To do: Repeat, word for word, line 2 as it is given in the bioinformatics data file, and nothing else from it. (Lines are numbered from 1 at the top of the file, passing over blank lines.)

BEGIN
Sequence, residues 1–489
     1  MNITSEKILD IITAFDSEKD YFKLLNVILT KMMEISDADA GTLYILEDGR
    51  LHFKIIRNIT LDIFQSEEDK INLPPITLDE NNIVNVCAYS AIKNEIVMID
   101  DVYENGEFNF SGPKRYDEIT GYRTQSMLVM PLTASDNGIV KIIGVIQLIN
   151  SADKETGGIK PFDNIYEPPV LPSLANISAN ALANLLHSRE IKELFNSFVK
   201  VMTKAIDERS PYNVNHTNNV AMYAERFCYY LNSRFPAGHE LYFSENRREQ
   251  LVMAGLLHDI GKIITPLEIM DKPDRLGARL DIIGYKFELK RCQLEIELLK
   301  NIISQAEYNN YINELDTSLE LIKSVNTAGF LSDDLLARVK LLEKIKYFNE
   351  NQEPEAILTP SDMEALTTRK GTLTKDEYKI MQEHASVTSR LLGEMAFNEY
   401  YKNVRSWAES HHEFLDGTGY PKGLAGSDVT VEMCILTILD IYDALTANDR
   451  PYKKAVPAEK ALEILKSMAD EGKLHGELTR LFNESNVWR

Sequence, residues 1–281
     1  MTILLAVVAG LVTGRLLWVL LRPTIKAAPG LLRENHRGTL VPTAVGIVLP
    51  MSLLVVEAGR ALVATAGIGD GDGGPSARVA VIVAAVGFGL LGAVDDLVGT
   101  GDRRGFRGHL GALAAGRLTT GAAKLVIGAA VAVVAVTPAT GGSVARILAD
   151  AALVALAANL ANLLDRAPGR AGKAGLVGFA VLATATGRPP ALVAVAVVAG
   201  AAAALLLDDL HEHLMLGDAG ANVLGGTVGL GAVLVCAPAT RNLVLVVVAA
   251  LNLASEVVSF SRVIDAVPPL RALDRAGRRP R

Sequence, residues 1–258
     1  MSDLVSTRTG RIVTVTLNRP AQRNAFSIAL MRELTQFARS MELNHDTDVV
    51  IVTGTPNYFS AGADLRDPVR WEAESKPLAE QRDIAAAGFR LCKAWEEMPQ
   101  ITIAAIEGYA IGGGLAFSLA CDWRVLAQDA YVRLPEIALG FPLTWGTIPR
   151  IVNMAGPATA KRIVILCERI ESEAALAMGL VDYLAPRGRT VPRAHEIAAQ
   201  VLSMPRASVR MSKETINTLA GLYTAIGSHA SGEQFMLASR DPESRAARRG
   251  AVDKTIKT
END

     1  MNITSEKILD IITAFDSEKD YFKLLNVILT KMMEISDADA GTLYILEDGR